SINGAPORE - Tourists and foreigners in Singapore accounted for close to $3 billion, or about half of the net annual goods and services tax (GST) paid by households and individuals in 2018 and 2019, Senior Minister of State for Finance Chee Hong Tat said on Tuesday.
Mr Chee, who was speaking in Parliament, said households and individuals paid around $6.8 billion of GST annually in 2018 and 2019, after deducting refunds under the Tourist Refund Scheme.
After further deducting GST vouchers of over $1 billion provided annually to Singaporean households, the net annual GST collected from households and individuals was estimated to be around $5.7 billion.
Tourists and foreigners residing here accounted for about 50 per cent of that, said Mr Chee. The top 20 per cent of resident households in Singapore accounted for another 20 per cent or thereabouts.
Data from 2020 and 2021 was not cited as it is not representative of consumption patterns due to the Covid-19 pandemic.
“The bulk of the net GST that the Government collects is actually borne by two groups of people. What this means is that the remaining 30 per cent is spread over the rest – the 80 per cent of households and individuals,” he said.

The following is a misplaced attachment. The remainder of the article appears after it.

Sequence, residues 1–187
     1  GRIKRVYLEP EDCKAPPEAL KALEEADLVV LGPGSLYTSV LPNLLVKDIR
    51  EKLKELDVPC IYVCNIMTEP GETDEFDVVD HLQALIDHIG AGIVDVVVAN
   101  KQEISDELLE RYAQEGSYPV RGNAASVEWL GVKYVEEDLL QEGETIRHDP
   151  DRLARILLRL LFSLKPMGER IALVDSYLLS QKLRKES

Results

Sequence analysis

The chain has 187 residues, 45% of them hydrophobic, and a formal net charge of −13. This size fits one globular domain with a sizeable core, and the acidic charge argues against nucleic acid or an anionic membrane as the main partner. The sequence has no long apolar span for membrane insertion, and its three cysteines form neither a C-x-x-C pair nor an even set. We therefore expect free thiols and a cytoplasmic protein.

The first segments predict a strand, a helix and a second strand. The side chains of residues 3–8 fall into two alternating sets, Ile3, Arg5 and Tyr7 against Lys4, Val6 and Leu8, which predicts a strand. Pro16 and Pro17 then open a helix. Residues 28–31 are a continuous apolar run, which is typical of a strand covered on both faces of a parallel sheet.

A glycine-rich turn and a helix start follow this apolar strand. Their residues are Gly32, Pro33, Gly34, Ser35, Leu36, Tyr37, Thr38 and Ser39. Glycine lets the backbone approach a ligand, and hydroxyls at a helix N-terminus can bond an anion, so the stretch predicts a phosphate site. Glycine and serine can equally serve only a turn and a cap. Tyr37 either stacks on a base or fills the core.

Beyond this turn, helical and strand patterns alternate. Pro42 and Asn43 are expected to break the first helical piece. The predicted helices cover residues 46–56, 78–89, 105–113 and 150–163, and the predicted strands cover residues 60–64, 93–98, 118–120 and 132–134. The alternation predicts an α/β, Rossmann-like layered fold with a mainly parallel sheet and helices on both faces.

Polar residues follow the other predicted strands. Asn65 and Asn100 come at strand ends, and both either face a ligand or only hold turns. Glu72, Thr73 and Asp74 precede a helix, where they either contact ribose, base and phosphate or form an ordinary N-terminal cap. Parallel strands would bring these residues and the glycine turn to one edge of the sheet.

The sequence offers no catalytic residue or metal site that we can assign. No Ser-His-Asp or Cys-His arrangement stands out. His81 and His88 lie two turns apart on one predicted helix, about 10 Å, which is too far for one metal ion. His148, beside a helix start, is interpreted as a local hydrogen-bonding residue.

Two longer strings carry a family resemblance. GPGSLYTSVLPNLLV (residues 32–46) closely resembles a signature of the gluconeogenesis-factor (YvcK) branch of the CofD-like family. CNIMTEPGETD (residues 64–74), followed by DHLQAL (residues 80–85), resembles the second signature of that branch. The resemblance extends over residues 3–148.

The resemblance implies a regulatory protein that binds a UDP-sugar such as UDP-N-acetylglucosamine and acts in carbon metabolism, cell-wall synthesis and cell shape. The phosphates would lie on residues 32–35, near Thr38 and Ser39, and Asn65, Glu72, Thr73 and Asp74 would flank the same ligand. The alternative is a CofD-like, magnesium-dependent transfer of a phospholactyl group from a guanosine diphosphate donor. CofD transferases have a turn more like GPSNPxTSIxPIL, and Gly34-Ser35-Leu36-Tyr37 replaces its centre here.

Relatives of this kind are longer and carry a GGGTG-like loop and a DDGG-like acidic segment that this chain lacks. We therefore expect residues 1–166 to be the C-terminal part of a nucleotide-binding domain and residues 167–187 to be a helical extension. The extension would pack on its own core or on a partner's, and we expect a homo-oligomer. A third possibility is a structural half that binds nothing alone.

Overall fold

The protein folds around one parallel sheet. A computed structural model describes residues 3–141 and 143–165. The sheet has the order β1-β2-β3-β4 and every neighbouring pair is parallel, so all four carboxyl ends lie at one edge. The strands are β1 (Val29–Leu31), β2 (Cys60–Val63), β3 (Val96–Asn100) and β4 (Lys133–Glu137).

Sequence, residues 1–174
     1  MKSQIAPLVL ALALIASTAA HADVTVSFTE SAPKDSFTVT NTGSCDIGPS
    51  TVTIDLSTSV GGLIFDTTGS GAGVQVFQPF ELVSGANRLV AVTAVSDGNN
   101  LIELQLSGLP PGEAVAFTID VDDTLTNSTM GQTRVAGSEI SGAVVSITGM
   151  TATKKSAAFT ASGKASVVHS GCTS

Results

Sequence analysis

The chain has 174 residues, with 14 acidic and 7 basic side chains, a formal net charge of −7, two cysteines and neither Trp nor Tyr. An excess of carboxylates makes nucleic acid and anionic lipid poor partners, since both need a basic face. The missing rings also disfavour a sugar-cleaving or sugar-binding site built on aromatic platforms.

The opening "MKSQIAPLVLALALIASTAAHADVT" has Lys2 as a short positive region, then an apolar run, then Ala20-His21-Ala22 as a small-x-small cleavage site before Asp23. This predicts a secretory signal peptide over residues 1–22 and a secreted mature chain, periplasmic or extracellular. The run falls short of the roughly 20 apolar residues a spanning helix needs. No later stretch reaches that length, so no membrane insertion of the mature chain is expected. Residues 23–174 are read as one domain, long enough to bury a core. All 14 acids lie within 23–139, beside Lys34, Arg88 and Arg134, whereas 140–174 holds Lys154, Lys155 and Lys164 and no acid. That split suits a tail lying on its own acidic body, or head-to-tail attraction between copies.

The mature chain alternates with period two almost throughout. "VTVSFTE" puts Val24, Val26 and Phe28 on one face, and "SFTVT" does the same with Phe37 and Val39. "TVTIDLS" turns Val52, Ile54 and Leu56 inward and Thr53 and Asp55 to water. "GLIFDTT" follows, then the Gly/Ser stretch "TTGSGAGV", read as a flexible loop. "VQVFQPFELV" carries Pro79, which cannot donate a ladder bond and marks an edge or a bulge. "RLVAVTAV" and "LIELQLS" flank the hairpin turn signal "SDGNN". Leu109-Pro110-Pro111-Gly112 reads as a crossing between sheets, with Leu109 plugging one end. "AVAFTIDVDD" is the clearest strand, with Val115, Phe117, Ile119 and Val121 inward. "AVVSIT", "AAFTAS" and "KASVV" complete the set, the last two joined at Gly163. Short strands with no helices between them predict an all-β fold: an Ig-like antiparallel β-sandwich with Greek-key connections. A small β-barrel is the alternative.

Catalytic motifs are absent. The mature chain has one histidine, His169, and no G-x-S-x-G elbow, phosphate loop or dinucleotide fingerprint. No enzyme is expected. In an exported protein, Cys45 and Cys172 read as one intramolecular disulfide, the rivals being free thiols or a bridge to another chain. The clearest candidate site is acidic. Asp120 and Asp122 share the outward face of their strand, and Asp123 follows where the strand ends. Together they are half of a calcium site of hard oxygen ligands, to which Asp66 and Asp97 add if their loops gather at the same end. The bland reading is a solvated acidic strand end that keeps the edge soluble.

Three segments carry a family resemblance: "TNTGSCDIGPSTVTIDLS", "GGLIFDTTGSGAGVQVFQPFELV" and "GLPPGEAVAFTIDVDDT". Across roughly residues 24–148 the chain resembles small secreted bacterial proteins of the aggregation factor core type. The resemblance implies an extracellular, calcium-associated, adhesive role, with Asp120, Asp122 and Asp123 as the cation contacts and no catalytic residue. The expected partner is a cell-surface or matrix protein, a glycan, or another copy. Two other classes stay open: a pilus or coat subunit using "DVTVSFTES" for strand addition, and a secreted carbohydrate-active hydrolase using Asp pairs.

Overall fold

While this means that there will be some part of the net GST that is paid for by different groups of society, including those from the middle- and the upper-middle income, the impact that they bear is not the “full amount”, he added.
Mr Chee was responding to a question from Workers’ Party MP Jamus Lim (Sengkang GRC), who had asked about the breakdown of net GST that various groups, such as foreigners, accounted for.
Associate Professor Lim also raised concerns about the impact of GST on the middle class, who may not qualify for the full suite of support measures due to their income bracket.
In response, Mr Chee said the support package that the Government provides extends to middle-income households. Some parts of the package also benefit those who earn more or live in private properties.
He cited the payout in December of $500 cash to 2.5 million eligible adult Singaporeans to help cushion the impact of rising prices.
Mr Chee said that refunds under the Tourist Refund Scheme are not substantial. From 2010 to 2019, an average of around $200 million per year was refunded to tourists. This works out to around 2 per cent of the total GST collected.
He added that the refunds in 2020 and 2021 were much lower, at around $22 million per year, due to the travel restrictions associated with Covid-19.
The scheme allows tourists buying goods from participating retailers in the Republic to claim a refund of the GST paid on their purchases.